Red dwarfs offer fascinating astrobiological speculation, allowing us to ponder whether flare activity or tidal lock could be the game-changer that prevents life from developing around them. We have much to learn on that score, but new work from Rory Barnes (University of Washington) and René Heller (Leibniz Institute for Astrophysics, Potsdam) looks beyond red dwarfs to brown and white dwarfs and their own prospects for life. The prognosis: Poor. Planets around these objects, the researchers say, would have an early history that could remove surface water.

The problem is nuclear burning and the lack thereof. Yes, both brown and white dwarfs could support a habitable zone, but what sets them apart from red dwarfs is that they cool slowly and continuously, meaning their habitable zones shrink inward toward the star. Imagine, Barnes and Heller say, a planet that starts out as a Venus-like world beset with a runaway greenhouse effect. Eventually the habitable zone contracts enough to create the needed temperatures for liquid water to exist, but by now the planet’s surface water is gone and so is the chance for life.

“These planets, if we find them today in a current habitable zone, previously had to have gone through a phase which sterilized them forever,” Barnes said. Heller added, “So, even if they are located in the habitable zone today, they are dead.”

The paper speaks in terms of the ‘insolation habitable zone,’ that region for which radiation flux from the star equals what we find in the habitable zone around main-sequence stars. But simply being in that zone is not sufficient. Here’s the case in a nutshell, as described in the paper:

The identi?cation of this so-called insolation habitable zone (IHZ) is an important ?rst step in constraining the possibility of habitable planets orbiting WDs and BDs, but one cannot neglect how a planet behaves prior to the arrival of the IHZ at its orbit. The inner edge of the HZ is de?ned to be the orbits at which a desiccating greenhouse, either moist, runaway or tidal, is just possible (Kasting et al. 1993; Barnes et al. 2012). These phenomena may ultimately remove all surface water and leave an uninhabitable planet behind. Thus, planets initially interior to the HZ may not actually be habitable after the primary has cooled and/or tidal heating has subsided su?ciently for the planet to reside in it. Note that we will refer to the HZ as resulting from both irradiation and tidal heating, but to the IHZ as the classic habitability model of e.g. Kasting et al. (1993).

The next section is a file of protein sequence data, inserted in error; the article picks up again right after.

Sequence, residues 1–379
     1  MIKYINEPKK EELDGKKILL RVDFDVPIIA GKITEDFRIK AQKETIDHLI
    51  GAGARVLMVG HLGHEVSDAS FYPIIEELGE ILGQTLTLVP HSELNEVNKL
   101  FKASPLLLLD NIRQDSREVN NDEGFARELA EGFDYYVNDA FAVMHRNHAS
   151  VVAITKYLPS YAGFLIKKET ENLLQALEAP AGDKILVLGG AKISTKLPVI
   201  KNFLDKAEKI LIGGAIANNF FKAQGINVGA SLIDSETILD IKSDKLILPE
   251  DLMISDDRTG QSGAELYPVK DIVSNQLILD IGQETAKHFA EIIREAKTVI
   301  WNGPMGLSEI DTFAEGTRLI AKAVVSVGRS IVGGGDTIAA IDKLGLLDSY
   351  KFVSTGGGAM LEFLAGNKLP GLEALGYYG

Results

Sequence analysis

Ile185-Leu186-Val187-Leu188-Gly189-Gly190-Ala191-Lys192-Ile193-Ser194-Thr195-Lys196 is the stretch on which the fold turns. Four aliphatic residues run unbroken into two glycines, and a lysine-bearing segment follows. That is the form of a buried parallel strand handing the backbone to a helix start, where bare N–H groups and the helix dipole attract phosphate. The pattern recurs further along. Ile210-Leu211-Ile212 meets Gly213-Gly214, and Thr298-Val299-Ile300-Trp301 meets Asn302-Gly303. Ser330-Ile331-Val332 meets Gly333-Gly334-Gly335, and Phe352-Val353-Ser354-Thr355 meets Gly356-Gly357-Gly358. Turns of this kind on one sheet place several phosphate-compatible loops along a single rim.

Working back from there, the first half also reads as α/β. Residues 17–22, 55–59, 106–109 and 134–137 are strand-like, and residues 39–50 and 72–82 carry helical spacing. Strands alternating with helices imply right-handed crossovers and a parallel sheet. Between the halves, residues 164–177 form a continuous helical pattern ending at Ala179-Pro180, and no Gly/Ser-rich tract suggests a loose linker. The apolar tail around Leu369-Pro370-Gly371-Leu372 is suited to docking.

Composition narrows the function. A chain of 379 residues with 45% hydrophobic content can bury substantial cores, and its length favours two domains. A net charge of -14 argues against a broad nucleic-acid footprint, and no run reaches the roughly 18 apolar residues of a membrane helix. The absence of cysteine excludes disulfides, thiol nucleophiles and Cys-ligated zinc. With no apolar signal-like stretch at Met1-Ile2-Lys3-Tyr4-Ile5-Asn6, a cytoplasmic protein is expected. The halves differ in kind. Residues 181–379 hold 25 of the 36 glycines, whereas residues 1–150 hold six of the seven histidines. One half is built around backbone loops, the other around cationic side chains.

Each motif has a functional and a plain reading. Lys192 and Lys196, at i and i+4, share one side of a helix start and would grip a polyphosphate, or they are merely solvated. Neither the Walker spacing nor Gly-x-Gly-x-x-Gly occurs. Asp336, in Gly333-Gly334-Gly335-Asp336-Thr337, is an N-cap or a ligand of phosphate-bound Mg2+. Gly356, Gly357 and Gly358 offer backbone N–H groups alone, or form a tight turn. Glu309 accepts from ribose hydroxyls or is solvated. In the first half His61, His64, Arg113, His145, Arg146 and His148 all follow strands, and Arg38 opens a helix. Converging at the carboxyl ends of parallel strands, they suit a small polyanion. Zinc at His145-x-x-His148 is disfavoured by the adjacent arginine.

The reference to tidal heating is inserted because the close proximity of the IHZ to the star raises concern that tidal heating effects could be in themselves strong enough to trigger the runaway greenhouse scenario, even for planets with extremely low eccentricities. But what of planets that enter the IHZ from a more distant orbit, jarred by gravitational instabilities in the system? Large eccentricities could still dish up enough tidal heating to sterilize the surface, but Barnes and Heller add that we would not be able to recognize such a history for a planet whose orbit had gradually been circularized, so there is still some possibility of life in such places.

Image: An artist’s impression of a massive asteroid belt in orbit around a star. Recent work with SDSS data shows that similar rubble around many white dwarfs contaminates these stars with rocky material and water. Could planets support life in the habitable zone around such stars? Credit: NASA-JPL / Caltech / T. Pyle (SSC).

Is this category of star likely to have planets in the first place? The researchers note that no terrestrial planets have yet been found around either white or brown dwarfs, but they may well exist. We do have observations suggesting gas giants around both classes of star — the paper on this work goes into the details — and there is evidence of protoplanetary disks around brown dwarfs that could form into terrestrial worlds, while some white dwarfs are known to have metal-rich disks. And we have the interesting example of KOI 55, which has two terrestrial planet candidates orbiting a ‘horizontal branch’ star that seems well on its way to white dwarf status.

More work is needed to determine whether planets can become habitable after long periods in a runaway greenhouse phase, and whether migration scenarios exist for white and brown dwarf planets that could result in habitable outcomes. The authors, noting the complexity of the analysis, add that they cannot rule out habitability but call the journey to it ‘a difficult path.’ The paper is Barnes and Heller, “Habitable Planets Around White and Brown Dwarfs: The Perils of a Cooling Primary.” I don’t see the preprint up on the arXiv site as yet but will post the link (and the full citation in Astrobiology) as soon as I have them. More in this University of Washington news release.